I continue to have regular discussions with ministerial colleagues across government. As my hon. Friend will be aware, we have pledged to commit the same cash total in funds for farm support until the end of this Parliament.
Export sales of organic produce totalled £188 million in 2016, supporting countless British jobs, particularly in the agricultural sector. What assurances can the Secretary of State give me on the certification that protects that organic produce in respect of exports to the EU after we leave?
I know my hon. Friend’s constituency very well, as it is where I was born and grew up. He is absolutely right to highlight the importance of this issue in the farming sector. I am happy to give him the commitment that my right hon. Friend the Secretary of State for Environment, Food and Rural Affairs is looking at this issue. My hon. Friend will be aware that this is part of a wider approach, where we can take a much more bespoke approach to our farming needs once we are out of the EU, rather than the catch-all, one-size-fits-all approach in which the common agricultural policy applies.
The Minister will know that food processing is very much related to farming, and it is our biggest manufacturing sector. Has he talked to that sector? Does he not realise that research by King’s College London shows that every leave constituency of this country will be 20% worse off leaving the EU—on any terms?
First, may I join the Prime Minister in recognising the hon. Gentleman’s service? He said at Prime Minister’s questions yesterday that he was a Eurosceptic when he came into the House; there is still time for him to return to his true beliefs.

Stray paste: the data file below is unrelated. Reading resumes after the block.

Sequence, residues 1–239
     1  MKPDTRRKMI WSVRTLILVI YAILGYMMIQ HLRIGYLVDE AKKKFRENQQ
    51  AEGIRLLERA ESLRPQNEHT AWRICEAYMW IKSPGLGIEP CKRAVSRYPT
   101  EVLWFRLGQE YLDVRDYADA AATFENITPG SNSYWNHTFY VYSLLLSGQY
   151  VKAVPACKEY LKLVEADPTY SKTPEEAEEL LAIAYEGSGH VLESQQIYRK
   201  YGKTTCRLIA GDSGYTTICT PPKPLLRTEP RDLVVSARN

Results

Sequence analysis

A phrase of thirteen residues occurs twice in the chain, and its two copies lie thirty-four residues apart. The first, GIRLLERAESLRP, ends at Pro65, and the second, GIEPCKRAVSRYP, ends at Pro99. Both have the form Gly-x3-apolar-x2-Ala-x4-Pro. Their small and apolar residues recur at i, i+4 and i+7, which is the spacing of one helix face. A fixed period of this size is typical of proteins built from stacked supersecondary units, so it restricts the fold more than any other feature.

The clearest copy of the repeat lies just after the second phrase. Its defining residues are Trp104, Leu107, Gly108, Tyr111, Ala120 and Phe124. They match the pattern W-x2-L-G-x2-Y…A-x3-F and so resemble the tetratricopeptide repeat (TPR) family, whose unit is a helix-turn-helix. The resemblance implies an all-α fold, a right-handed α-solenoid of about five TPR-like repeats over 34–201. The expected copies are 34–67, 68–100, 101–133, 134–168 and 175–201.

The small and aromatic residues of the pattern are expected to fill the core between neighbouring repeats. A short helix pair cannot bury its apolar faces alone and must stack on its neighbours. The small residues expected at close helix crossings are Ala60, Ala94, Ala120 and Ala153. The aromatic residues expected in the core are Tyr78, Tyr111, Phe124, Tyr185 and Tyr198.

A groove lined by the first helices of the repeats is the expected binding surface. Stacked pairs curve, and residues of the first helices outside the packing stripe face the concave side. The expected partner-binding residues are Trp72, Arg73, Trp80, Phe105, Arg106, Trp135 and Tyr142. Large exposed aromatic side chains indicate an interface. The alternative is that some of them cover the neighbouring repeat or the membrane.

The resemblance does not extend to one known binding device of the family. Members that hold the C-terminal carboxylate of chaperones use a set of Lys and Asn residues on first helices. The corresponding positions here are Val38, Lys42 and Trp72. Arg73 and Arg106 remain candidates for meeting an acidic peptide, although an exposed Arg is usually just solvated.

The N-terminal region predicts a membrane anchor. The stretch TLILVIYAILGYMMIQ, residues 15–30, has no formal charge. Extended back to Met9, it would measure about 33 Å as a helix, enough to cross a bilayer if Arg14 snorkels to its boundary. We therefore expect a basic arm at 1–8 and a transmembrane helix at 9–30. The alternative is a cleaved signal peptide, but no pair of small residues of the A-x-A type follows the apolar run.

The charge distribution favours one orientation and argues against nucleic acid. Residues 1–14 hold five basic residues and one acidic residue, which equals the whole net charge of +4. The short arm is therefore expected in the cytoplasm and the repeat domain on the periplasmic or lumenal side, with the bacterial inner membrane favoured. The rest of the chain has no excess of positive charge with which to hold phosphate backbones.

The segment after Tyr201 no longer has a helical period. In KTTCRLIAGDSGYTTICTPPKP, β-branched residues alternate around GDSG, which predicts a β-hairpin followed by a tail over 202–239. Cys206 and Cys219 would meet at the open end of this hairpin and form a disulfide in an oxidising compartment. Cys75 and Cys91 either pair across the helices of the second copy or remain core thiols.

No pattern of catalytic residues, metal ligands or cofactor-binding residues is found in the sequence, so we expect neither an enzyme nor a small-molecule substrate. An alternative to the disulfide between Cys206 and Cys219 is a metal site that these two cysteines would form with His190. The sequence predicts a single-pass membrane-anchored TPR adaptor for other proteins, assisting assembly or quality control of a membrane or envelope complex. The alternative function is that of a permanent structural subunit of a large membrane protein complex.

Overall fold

As the hon. Gentleman is well aware, I represent one of the key farming constituencies in the country, in the fens. He will also be aware that the majority of farmers voted to leave because they see the opportunities—for example, in respect of things like the three-crop rule, which is restrictive for many in the farming community. Through the Agriculture Bill, we can have a much more bespoke approach. The key issue is to speak to those who actually farm. The overriding message from the National Farmers Union is to back the deal, and farmers themselves want the liberty of being outside the straitjacket of the EU. That is what this Government will deliver.
My hon. Friend has championed the livestock sector extremely assiduously, and I know he has met my right hon. Friend the Secretary of State for Environment, Food and Rural Affairs to discuss these issues. We have given a commitment to match funding, but we must ensure that we do so in a more bespoke way. I am happy to meet my hon. Friend to discuss that further so that we can give his constituents the support that they need.
The hon. Gentleman is right to highlight an under-discussed area of policy. Some Members want only to talk down the opportunities of Brexit, rather than to talk about what we can do with the freedoms that Brexit unlocks. One of those freedoms is in respect of food labelling, which is an area in which the United Kingdom can apply a more bespoke approach and in which there will be opportunities. Indeed, last week I was in Scotland with manufacturers and we discussed just such issues.